Setting up Application Gateway with an App Service that uses Azure Active Directory Authentication and URL Authorization Rules


This blog post is an optional extension of my previous post about properly configuring an Azure App Service using authentication behind an Azure Application Gateway. In the previous post, we had the whole App Service covered by Azure App Service Authentication. For this post, I will show you how to use a Preview feature to have a health check page not covered by authentication, allowing you to adjust the expected response code being returned by your App Service. If you haven’t gone through my other blog post, do that first: https://blogs.msdn.microsoft.com/waws/2017/11/21/setting-up-application-gateway-with-an-app-service-that-uses-azure-active-directory-authentication/.

Configuration on the App Service

We are going to be using a similar method to what is discussed in this blog: https://blogs.msdn.microsoft.com/jpsanders/2017/02/06/azure-traffic-manager-probe-degraded-due-to-401-from-azure-web-app/. We are instead going to use this for our Application Gateway configuration. Please note that the feature we will use is in Preview, but this is just one way to do the action.

Go to the Kudu endpoint of your App Service at https://<app_name>.scm.azurewebsites.net/. From there, go to the console by going to “Debug console” and then clicking on “CMD”. In the file directory there, go to the d:\home\site\wwwroot folder. We will create a folder called “healthprobe” here by clicking on the plus icon next to the “wwwroot” name and selecting “New folder”.

OptionalHealthProbeFolder

After creating the new folder, click on it to browse into the folder. In here we will create a new file named “probe.html”. After the file is created, click on the pencil icon to the left of the file name to add some text into the file. Any text will do. I put “Health probe check” into mine. Once you are done editing the file, click “Save” to save the file.

Once we have the file created, go back to the wwwroot folder. Here we will follow the above blog and create the “authorization.json” file in this folder to help with routing of the requests. In this file, I have set up the following routes:

{

"routes": [{

 

"path_prefix": "/",

 

"policies": { "unauthenticated_action": "RedirectToLoginPage" }

 

},{

 

"path_prefix": "/healthprobe",

 

"policies": { "unauthenticated_action": "AllowAnonymous" }

 

}]

}

This will allow anything under the “healthprobe” folder we created to allow anonymous requests, but it will require the rest of the site to redirect to our Azure Active Directory authentication.

The final step for us is to change our App Service’s “Authentication / Authorization” setting to allow anonymous requests for any unauthenticated request. This will allow the authorization rules to work properly.

OptionalAppServiceAllowAnonymous

Configuring the Application Gateway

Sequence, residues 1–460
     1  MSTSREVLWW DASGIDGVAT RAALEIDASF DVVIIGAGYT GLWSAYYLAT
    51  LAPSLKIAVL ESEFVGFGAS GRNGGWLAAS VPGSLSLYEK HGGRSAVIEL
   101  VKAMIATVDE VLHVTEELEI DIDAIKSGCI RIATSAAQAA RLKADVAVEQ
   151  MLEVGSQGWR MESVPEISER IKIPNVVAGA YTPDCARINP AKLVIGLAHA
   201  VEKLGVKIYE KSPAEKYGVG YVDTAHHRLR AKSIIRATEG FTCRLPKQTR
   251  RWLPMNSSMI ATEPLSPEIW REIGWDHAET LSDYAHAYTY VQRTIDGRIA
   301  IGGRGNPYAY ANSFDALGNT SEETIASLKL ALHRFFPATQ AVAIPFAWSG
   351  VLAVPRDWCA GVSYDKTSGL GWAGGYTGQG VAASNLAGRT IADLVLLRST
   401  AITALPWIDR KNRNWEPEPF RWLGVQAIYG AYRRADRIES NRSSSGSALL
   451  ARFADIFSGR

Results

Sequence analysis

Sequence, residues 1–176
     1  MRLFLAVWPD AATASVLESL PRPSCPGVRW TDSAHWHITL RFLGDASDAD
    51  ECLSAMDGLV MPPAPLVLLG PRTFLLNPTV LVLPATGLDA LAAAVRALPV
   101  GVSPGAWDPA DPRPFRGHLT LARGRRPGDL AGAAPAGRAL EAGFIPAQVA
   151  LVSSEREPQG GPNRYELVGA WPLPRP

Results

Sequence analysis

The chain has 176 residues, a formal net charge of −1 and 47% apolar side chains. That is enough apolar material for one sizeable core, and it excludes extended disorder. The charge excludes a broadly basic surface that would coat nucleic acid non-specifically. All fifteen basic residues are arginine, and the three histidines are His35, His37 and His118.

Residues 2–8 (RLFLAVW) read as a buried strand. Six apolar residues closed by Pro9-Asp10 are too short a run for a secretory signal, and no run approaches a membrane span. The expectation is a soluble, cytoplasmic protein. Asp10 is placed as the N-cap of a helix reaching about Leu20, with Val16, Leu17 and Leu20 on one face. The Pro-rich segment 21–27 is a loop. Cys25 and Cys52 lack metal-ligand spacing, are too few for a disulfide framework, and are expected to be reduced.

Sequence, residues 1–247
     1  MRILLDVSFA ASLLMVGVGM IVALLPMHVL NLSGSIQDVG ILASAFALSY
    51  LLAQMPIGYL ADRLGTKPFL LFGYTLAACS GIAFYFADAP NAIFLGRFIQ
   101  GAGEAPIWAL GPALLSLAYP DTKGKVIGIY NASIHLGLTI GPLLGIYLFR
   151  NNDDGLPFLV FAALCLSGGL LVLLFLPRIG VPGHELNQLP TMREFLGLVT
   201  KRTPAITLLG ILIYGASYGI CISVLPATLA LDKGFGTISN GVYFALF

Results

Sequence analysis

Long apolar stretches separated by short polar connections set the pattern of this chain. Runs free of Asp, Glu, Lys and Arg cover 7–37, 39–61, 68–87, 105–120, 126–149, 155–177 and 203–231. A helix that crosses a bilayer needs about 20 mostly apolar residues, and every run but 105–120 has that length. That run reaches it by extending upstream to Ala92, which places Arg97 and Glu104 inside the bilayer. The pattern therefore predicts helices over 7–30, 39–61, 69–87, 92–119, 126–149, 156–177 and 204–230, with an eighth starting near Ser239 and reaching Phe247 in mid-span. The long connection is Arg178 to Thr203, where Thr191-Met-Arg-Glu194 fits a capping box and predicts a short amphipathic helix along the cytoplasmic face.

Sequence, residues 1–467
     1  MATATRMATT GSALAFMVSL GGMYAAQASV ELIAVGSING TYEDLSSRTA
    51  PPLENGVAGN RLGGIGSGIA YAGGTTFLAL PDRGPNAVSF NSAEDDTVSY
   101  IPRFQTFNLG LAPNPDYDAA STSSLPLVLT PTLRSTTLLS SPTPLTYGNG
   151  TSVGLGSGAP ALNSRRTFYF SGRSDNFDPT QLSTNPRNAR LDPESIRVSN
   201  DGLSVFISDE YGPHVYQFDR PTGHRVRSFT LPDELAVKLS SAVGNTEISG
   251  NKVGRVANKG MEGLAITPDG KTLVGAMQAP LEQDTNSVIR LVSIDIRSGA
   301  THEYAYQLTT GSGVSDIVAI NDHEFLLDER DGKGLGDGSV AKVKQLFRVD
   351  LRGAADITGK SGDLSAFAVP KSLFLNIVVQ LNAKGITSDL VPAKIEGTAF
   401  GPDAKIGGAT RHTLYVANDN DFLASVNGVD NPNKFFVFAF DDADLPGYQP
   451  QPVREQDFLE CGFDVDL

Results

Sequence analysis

With adjusting the App Service to allow for an unauthenticated path, we need to adjust our Application Gateway configuration to use the file in that path as the health probe endpoint. The PowerShell has been updated to check for a different status code range as well as the different path. Here is that script:

# FQDN of the web app
$webappFQDN = "<enter your webapp FQDN i.e mywebsite.azurewebsites.net>"

# Retrieve an existing application gateway
$gw = Get-AzureRmApplicationGateway -Name AppGatewayAAD -ResourceGroupName AppGatewayAADBlog

# Define the status codes to match for the probe
$match=New-AzureRmApplicationGatewayProbeHealthResponseMatch -StatusCode 200-399

# Add a new probe to the application gateway
Add-AzureRmApplicationGatewayProbeConfig -name AppGatewayAADProbe -ApplicationGateway $gw -Protocol Https -Path /healthprobe/probe.html -Interval 30 -Timeout 120 -UnhealthyThreshold 3 -PickHostNameFromBackendHttpSettings -Match $match

# Retrieve the newly added probe
$probe = Get-AzureRmApplicationGatewayProbeConfig -name AppGatewayAADProbe -ApplicationGateway $gw

# Configure an existing backend http settings
Set-AzureRmApplicationGatewayBackendHttpSettings -Name appGatewayBackendHttpSettings -ApplicationGateway $gw -HostName "<enter your custom domain i.e www.contoso.com>" -Port 443 -Protocol https -CookieBasedAffinity Disabled -RequestTimeout 30 -Probe $probe

# Add the web app to the backend pool
Set-AzureRmApplicationGatewayBackendAddressPool -Name appGatewayBackendPool -ApplicationGateway $gw -BackendFqdns $webappFQDN

# Update the application gateway
Set-AzureRmApplicationGateway -ApplicationGateway $gw

Note that we didn’t change anything else about the configuration from the previous blog, just the probe information.

At this point, if you followed the previous blog post and did this optional configuration, you should be all set. Browse to your custom domain over HTTPS, authenticate, and browse your App Service through your Application Gateway.

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